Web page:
Archive for the ‘Silliness’ Category

The Penguin of Revenge

August 28, 2016

Passed on by Kim Darnell, a “desktop ally” from the goofy Red Rocket Farm (whimsical on-line site and store):


Our playful entomologists

July 25, 2016

In the August 2016 Funny Times, a wonderful piece “The Name Game” by M.K. Wolfe, about binomial nomenclature for living things, but with special reference to the taxonomic names of insects (there are, after all, so very many of them). A copy of the piece (which you should embiggen for easier reading):


An entertaining tour of playful, even silly, names that have been adopted. As far as I can tell, these are all entirely accurate, even the insects  Agra vation, Lalsapa lusa, Pison eu, and Vera peculya.


Morning name: Colquhoun

July 16, 2016

Today’s morning name was not one that came to me apparently from outer space, but had a clear basis in my recent experience — namely, watching the British detective drama Midsomer Murders episode “Blood Wedding” (S11 E1), in which a character with this name plays a significant role. As it turns out, the name (in one of its North American variants) has appeared on this blog before (on 4/21/15, “Verbatim letter”).

To come: the name, my previous posting, and the upper-class twit Randall Colquhoun in “Blood Wedding”.


On the question of packing peanuts

May 22, 2016

Earlier today, a goofy Zippy in which styrofoam packing peanuts figured prominently. I was horrified by the idea that Zippy might have discovered a way to cultivate them in his garden so that they, omigod, multiplied. That reminded Benita Bendon Campbell of an excellent Breaking Cat News in which cats and people find themselves at cross purposes on the question of packing peanuts.


Morning name: ivermectin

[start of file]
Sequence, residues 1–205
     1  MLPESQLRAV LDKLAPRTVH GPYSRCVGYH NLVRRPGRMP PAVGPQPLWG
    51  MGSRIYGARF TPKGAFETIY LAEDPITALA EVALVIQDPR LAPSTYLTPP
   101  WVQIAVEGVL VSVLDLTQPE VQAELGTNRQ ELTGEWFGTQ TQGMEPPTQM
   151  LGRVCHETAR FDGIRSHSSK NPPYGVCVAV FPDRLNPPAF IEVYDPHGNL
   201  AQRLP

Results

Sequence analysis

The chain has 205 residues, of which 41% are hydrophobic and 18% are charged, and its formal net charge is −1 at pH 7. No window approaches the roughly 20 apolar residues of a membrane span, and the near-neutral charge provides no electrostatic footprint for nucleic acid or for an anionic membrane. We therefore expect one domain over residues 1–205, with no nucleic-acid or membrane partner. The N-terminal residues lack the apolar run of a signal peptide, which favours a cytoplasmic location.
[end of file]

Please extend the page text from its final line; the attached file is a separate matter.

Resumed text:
April 22, 2016

My morning name on the 18th, a very useful medication. From Wikipedia:

Ivermectin [generic name; various brand names, e.g. Stromectol. Mectizan] is a medication that is effective against many types of parasites. It is used to treat head lice, scabies, river blindness, strongyloidiasis, and lymphatic filariasis, among others. It can be either applied to the skin or taken by mouth.

Ivermectin was discovered in 1975 and came into medical use in 1981. It is on the World Health Organization’s List of Essential Medicines, the most important medications needed in a basic health system. The wholesale cost is about US$0.12 for a course of treatment. In the United States it costs $25–50 [an economic/political side note, but an important one in light of the medication’s utility against some serious scourges].

More on the medication, then some flagrant silliness based on my understanding the name of the medication as a proper name Ivor MecTin, which will lead us to Ivor Novello and a gay world that was at once highly public and deeply secret.


Two Thursday cartoons

March 17, 2016

From my King Features feed today, two cartoons of linguistic interest: a Mother Goose and Grimm with a POP (phrasal overlap portmanteau) and a Zippy that happens to use a playful verb with, it turns out, a long history:




On the campaign trail with Vermin Supreme

November 25, 2015

Through various people on Facebook, reports on the presidential candidacy of Vermin Supreme.


From Wikipedia:


Annals of advertising and poor taste

June 25, 2015

A recent tv ad for the candy Skittles lies, for me, somewhere between absurdly silliy and just plain creepy. The premise is that there’s an epidemic of Skittles pox, which manifests itself in an outbreak of Skittles on the face. The unlikely ad copy:

Warning signs of a Skittles pox outbreak include Rainbow colors, increased dating prospects and loud “Mmmm” sounds from the afflicted. Contract the Rainbow. Taste the Rainbow.

The equivalent of a pustule in this infection is an individual Skittle — entirely edible, hence the enhanced dating prospects and the appreciative noises (and, for me, the creepiness).

Oh yes, it’s contagious.

(Earlier on Skittles, its “Share the rainbow … Taste the rainbow” campaign, and rainbow food composed of the candies, in this posting.)

A still from one ad:

and the video:

Peeps time in Japan

March 23, 2015

As Easter approaches (April 5th this year), Peeps naturally come to mind (substantial posting on Peeps here). Peeps are endlessly versatile; here’s Grace Kang on Serious Eats, taking Peeps to Japan, in the form of Peepshi (Peeps sushi):

(Hat tip to Beth Linker.)

Yes, they’re appalling. But cute.

The thieving sap spitter

February 26, 2015

Today’s Bizarro, which is, well, bizarre:

Not only do we have a thieving bird that carries off letters of the alphabet, we have one that takes them from the cartoon itself. Bizarre indeed.